During World War II, the U.S. Navy recognized the importance of damage control strategies and published a manual (Handbook of Damage Control) to ensure ships remained serviceable in battle to the fullest extent possible.1 The term “damage control,” as it is currently used in surgery, originated in a paper by Rotondo et al. in 1993.2 This report described a reduction in mortality in patients with severe penetrating abdominal injury. Rather than performing the “definitive laparotomy” at the index operation, a “damage control” approach was implemented. Therefore, rapid surgical control of vascular injury and hemorrhage was accomplished in conjunction with control of fecal contamination. Definitive repairs were delayed until the patient underwent significant resuscitation and stabilization outside of the operative room (OR). During this period, correction of coagulopathy, acidosis, and hypothermia could be accomplished and definitive surgical management planned. Antecedent publications included work by Stone et al. in 1983 describing rapid intra-abdominal packing and termination of laparotomy at the onset of apparent intraoperative coagulopathy with return to OR after resuscitation and stabilization.3 Multiple other studies have further refined damage control strategies and techniques establishing the foundation for this surgical maneuver.4–13 Damage control surgery is now widely practiced and the application of damage control principles are implemented in the most severely injured trauma patients. In vascular surgery, damage control strategies focus on rapid hemorrhage control and temporary restoration of end-organ perfusion in order to mitigate the effects of ischemia while other life-threatening injuries are managed.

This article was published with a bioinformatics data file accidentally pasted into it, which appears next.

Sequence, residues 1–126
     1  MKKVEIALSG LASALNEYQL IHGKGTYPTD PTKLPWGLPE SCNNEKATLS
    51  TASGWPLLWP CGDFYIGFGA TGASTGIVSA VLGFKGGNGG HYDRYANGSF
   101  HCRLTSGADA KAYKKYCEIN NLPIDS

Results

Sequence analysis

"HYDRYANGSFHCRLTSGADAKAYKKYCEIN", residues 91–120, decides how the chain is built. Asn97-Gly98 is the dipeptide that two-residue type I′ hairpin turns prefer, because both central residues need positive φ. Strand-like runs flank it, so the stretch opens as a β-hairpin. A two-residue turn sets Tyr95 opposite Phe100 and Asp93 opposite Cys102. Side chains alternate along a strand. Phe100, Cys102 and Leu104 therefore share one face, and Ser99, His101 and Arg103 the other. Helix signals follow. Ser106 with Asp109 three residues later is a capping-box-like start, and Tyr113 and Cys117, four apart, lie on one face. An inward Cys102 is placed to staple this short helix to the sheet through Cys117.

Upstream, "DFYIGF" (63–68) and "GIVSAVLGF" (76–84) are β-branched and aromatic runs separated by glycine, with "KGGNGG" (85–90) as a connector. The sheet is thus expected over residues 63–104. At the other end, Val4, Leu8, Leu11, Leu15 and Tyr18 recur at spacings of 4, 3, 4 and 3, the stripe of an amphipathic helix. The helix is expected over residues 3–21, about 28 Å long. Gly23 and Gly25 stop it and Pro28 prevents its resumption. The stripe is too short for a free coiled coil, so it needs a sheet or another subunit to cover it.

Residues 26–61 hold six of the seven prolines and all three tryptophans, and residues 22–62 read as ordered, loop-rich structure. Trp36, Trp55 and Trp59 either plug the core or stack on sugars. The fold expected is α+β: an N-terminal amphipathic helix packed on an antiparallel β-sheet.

The Global War on Terrorism led to widespread use of damage control strategies and techniques. Eastridge et al. reported that hemorrhage was the principal physiologic insult attributed to the battlefield mortality in patients with potentially survivable injuries.14 As a result of this sentinel report, damage control vascular surgery was pushed far-forward to the point of injury resulting in increased focus on pre-hospital tourniquet use and temporary intravascular shunt utilization.15–19 Overall, damage control strategies contributed significantly to successful limb salvage and patient survival.20–28
This chapter will focus on damage control techniques relevant to vascular surgery, including resuscitation, hemorrhage control, temporary intravascular shunting (TIVS), fasciotomy, and resuscitative endovascular balloon occlusion of the aorta (REBOA).
GENERAL PRINCIPLES OF DAMAGE CONTROL SURGERY AND RESUSCITATION
Broadly, the term “damage control” describes surgical and resuscitative strategies to stabilize life-threatening physiology before definitive surgical restoration of anatomy and function, which can be delayed. Damage control can be conceptualized in the framework of several triads: trauma’s lethal triad, the three phases of damage control surgery, and three key tenets of damage control resuscitation (Fig. 6-1).
Organizational tenets of damage control intervention
Trauma’s lethal triad consists of the vicious cycle of hypothermia, acidosis, and coagulopathy. Acidosis ...